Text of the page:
McCormick and Grey Created a Barbecue Prototype That Makes Music While You Cook Burgers

'We hid the technology in the grill'

McCormick also partnered with pitmaster and four-time world barbecue champion Myron Mixon as well as hip-hop legend DJ Jazzy Jeff. Grey
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On the eve of the 2019 Summer Solstice, seasoning and condiment brand McCormick introduced what it calls the Sumr Hits 5000, a six-burner grill with built-in turntable.

The 130-year-old brand wants to make sure U.S. consumers are prepared for the upcoming grilling season, and—with the custom-built barbecue—novice and champion grill-masters alike can create tracks while grilling. McCormick also partnered with pitmaster and four-time world barbecue champion Myron Mixon as well as hip-hop legend DJ Jazzy Jeff as spokesmen who literally embody this combination of barbecue and music.

The gas grill uses weight sensors and computer vision with pose detection to adjust the beat based on where food is placed. The grate also has pressure sensors that trigger custom software to play sounds based on sauces and spices as they are added.

McCormick asked its Instagram followers to vote on which sound should be associated with each spice, seasoning and sauce in its portfolio. French’s Mustard, for example, elicits audible fireworks.

“Anyone can walk up to the grill and make great music,” said a spokesperson for McCormick’s agency partner, Grey. “We hid the technology in the grill.”

And while the “concept grill” is not technically available for consumers, the Grey spokesperson said they are “exploring ways technology can enhance food as an experience and means of expression” and are “open to ways this innovative product and technology can evolve in the future.”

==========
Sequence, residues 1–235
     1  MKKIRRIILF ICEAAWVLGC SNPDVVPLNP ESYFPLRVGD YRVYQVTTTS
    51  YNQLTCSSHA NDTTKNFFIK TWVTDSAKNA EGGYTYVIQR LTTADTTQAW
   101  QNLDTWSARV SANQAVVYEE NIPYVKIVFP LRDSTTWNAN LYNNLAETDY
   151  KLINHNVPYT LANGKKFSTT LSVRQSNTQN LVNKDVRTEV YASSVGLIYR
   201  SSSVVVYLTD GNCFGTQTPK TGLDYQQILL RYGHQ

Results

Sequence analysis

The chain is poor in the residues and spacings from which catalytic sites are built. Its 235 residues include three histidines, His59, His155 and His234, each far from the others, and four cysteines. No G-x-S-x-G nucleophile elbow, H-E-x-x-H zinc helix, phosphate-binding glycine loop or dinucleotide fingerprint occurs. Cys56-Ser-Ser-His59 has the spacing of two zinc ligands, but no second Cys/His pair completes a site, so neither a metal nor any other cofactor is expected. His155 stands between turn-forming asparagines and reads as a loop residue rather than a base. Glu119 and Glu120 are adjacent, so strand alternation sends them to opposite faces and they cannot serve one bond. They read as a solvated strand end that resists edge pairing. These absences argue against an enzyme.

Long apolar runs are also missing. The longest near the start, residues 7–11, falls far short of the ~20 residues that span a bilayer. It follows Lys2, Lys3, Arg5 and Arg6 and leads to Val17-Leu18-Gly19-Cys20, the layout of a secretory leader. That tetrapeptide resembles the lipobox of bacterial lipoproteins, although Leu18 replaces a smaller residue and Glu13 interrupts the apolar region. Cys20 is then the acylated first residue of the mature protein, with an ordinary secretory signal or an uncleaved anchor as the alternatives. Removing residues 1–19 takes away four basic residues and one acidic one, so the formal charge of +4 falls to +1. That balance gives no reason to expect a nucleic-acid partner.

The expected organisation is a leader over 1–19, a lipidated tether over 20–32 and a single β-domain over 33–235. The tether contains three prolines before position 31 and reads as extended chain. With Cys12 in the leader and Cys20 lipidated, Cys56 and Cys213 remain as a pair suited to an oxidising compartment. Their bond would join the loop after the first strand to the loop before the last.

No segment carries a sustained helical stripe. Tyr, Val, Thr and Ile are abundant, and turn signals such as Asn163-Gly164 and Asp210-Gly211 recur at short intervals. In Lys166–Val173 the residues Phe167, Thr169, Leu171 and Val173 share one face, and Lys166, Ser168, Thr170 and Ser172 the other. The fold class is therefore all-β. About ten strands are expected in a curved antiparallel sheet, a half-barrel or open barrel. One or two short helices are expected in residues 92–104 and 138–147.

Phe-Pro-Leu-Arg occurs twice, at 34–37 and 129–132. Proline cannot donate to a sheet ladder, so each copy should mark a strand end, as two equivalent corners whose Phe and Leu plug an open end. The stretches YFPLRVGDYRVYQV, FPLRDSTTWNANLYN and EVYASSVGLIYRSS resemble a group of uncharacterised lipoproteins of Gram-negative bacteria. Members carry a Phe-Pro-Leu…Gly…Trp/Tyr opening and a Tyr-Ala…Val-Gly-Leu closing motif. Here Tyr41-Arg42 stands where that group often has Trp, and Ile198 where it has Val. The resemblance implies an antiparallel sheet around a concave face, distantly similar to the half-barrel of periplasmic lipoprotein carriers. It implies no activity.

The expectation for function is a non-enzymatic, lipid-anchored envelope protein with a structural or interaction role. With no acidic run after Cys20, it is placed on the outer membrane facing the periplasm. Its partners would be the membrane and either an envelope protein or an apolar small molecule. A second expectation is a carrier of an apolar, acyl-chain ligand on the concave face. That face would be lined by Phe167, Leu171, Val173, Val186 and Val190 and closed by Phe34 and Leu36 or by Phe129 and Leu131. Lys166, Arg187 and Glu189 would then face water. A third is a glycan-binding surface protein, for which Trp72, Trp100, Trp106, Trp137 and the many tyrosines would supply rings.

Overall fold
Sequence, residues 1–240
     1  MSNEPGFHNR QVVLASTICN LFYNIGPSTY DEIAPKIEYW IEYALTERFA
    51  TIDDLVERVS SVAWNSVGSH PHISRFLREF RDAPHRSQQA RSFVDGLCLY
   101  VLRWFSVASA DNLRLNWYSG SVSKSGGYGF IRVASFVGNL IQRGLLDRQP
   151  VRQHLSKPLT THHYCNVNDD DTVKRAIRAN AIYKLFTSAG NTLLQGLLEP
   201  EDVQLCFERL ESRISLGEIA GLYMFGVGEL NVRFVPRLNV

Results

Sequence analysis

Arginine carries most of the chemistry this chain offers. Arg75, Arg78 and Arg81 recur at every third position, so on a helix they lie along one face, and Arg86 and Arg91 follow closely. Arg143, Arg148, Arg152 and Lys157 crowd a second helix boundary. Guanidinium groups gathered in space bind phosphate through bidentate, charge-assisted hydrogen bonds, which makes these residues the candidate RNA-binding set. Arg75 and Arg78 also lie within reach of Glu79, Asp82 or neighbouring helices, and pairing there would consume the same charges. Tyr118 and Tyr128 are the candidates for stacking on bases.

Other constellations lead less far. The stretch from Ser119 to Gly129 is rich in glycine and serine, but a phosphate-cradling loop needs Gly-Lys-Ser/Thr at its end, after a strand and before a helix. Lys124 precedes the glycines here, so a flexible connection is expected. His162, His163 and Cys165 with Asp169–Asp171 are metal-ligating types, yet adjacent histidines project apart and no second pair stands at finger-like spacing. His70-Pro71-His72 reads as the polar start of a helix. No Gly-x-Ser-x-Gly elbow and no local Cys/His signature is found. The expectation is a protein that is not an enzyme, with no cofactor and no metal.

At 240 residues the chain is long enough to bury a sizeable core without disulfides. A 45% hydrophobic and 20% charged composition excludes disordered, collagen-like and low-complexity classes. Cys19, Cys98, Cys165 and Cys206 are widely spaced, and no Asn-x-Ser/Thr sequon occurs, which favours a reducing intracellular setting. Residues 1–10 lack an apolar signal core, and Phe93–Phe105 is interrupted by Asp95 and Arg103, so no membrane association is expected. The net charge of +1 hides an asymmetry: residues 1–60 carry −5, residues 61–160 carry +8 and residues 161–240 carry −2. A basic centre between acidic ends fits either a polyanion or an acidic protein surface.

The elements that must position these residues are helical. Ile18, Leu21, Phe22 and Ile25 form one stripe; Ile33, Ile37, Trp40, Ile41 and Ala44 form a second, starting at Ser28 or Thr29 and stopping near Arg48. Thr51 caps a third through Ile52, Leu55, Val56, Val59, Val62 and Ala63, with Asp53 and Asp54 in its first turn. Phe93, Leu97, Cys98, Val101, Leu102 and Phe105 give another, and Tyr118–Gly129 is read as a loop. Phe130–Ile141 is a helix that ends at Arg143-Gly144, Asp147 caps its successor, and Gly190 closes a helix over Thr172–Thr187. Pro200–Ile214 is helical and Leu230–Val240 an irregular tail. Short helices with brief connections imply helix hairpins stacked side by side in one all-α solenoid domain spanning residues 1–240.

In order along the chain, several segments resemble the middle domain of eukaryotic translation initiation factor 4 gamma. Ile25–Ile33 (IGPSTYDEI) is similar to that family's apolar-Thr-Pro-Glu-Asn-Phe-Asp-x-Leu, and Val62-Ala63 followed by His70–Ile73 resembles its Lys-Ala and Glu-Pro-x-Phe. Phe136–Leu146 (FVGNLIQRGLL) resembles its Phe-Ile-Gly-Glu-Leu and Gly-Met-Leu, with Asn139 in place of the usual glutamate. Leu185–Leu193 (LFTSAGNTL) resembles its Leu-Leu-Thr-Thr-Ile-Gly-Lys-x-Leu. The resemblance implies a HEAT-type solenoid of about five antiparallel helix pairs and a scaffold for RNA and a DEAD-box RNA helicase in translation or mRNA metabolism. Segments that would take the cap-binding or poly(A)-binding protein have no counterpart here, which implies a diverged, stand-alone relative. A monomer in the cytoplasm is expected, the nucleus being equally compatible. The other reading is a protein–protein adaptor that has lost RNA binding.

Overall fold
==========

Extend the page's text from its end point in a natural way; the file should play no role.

Other McCormick brands include Lawry’s Seasoning, Stubb’s BBQ Sauce and Frank’s RedHot. The brand ambassadors will use social polling during a livestream on Instagram to create additional recipes and tracks.

In addition to the grill and partnership, McCormick debuted a microsite, Find Your Summer Hit, which combines recipes, tips and how-to videos, along with ecommerce. According to Grey, music can influence the experience of eating, from the depth of flavor and perception of taste, to the pace of chewing and overall intake of food and drink.

“We’re in business of flavor,” said Alia Kemet, creative and digital marketing director at McCormick. “The goal is to use music and passion to create a more immersive experience. I think that’s what we did.”

In the fall, McCormick plans to roll out a VR experience that shows where spices come from as it continues to celebrate music and flavor—and the human experience. “This is a part of that journey for us,” Kemet added. “We have digital and emerging technology as a way to reach people authentically and in a way that matters.”

@lisalacy Lisa Lacy is a senior writer at Adweek, where she focuses on retail and the growing reach of Amazon.